It’s quite possible to visit the Prince Street showroom of E.R. Butler & Co., in New York’s NoLIta neighborhood, and have no real grasp of the company’s essential business. Four enormous vitrines containing a rotating collection of tableaux vivants occupy the building’s front windows, and would seem to indicate some eccentric admixture of gallery, boutique, and high-end jeweler.
After ringing the bell, one is greeted by an employee and ushered into an obsessively restored landmark building, which in the 19th century functioned as the silver manufacturing headquarters of Tiffany & Co. On elegant display is the work of decorative artists and artisans curated by the company’s 48-year-old owner and founder, Rhett Butler. (Though his first name is Edward, his parents called him Rhett. “I’m sure there was a sense of humor involved,” he says today.) Butler’s current inventory includes hand-turned candlesticks by Ted Muehling; gold, iron, and steel bracelets, earrings, and pendants from Philip Crangi; and one-of-a-kind pieces by the German-born jeweler John Iversen.
Hidden in plain sight in a series of bronze-and-glass display cabinets, however, are the objects of Butler’s true vocation: scores and scores of knobs and pulls made variously of steel, silver, brass, bronze, dendritic agate, coral, ebony, amethyst, mother-of-pearl, porcelain, jade, amber, and mercury glass. Butler is the proprietor of the world’s largest collection of fine architectural hardware—countless doorknobs and knockers and cabinet pulls, along with gilded hinges, hand-chased bronze finials, thumb latches, strap hinges, and their every conceivable variant. And if such a thing simply doesn’t exist in his more than 30,000 catalogs, designs, blueprints, molds, and finished objects dating from the 1600s, he’ll make it for you. If you desire, say, a bespoke hand-patinated solid bronze ladder for your library ($800,000) or a historically accurate renovation of a $400 million Virginia horse farm—in short, if you’ve graduated from Restoration Hardware to the big leagues—Butler’s your man, though he’ll also happily refit a simple, smallish apartment. Butler’s friend Sofia Coppola has leaned on the hardware maestro for inspiration and assistance on several films. (The flurry of faxes about a home renovation sent to Bill Murray by his wife in Lost in Translation were on E.R. Butler letterhead, and included Butler’s renderings.) More recently, he’s consulted on Roman Polanski’s next film, God of Carnage, currently filming in Paris.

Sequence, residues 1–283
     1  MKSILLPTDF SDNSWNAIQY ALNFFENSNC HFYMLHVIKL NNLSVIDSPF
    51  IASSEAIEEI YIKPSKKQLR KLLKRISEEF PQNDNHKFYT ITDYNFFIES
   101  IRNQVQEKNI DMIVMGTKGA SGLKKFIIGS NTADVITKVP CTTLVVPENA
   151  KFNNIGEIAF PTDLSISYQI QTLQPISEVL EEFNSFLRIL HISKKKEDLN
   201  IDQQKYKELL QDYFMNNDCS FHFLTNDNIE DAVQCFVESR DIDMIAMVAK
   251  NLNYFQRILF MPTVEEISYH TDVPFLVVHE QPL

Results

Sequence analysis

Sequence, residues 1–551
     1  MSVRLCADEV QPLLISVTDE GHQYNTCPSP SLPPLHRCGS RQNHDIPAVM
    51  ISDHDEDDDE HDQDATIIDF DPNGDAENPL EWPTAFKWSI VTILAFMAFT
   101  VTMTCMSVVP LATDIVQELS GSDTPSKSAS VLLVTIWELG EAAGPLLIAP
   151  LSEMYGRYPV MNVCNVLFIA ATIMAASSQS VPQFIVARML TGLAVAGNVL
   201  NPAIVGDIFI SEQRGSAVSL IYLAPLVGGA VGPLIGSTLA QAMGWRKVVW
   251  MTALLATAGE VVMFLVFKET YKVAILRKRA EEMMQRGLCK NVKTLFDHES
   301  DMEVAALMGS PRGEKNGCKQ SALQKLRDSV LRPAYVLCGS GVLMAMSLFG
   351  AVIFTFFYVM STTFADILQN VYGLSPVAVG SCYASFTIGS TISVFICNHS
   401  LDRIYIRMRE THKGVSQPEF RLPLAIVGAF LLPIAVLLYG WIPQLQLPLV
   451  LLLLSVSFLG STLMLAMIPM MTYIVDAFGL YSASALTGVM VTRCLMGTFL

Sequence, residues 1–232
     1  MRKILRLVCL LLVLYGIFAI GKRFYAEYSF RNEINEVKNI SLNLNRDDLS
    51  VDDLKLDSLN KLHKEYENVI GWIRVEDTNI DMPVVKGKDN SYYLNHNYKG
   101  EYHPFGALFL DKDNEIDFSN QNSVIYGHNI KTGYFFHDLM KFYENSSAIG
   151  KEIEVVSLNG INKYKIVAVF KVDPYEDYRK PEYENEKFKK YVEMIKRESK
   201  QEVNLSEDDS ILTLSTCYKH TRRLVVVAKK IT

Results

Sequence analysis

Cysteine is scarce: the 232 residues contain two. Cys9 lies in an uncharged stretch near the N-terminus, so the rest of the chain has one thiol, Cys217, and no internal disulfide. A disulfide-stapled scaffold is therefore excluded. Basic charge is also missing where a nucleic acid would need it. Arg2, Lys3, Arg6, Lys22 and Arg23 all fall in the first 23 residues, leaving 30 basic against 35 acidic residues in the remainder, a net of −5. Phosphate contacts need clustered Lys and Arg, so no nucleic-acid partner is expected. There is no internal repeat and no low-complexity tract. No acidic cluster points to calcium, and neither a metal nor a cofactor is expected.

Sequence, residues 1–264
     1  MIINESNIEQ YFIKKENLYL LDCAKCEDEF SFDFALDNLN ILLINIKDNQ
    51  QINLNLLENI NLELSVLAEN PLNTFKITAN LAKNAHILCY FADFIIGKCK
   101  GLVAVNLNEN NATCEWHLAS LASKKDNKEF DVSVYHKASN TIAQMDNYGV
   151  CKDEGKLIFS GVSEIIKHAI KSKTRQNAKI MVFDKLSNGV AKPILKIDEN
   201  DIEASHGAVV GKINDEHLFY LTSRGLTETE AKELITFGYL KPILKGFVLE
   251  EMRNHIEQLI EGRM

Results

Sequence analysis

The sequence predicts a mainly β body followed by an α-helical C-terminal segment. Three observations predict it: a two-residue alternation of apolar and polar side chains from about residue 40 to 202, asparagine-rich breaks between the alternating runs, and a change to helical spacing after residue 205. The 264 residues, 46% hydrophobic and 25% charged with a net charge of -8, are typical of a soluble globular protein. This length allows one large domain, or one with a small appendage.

A few minutes later, Butler emerges from his offices in the back of the building. I ask him about a collection of decorative bronze rectangles arrayed atop a display case. Are they paperweights? A puzzle? Raw ingredients for a modular, ornamental trivet? “All of those things,” Butler says before filling me in on their intended use as a box chain for a chandelier that conceals the hanging cord inside itself. He designed it after noting that most chandelier chains are “inferior to what they could or should be,” as he puts it. “There’s such a dearth in the market of anything other than a series of oval links that I just started playing around.” Although Butler has the history of an industry on his shoulders, play seems to be his modus operandi.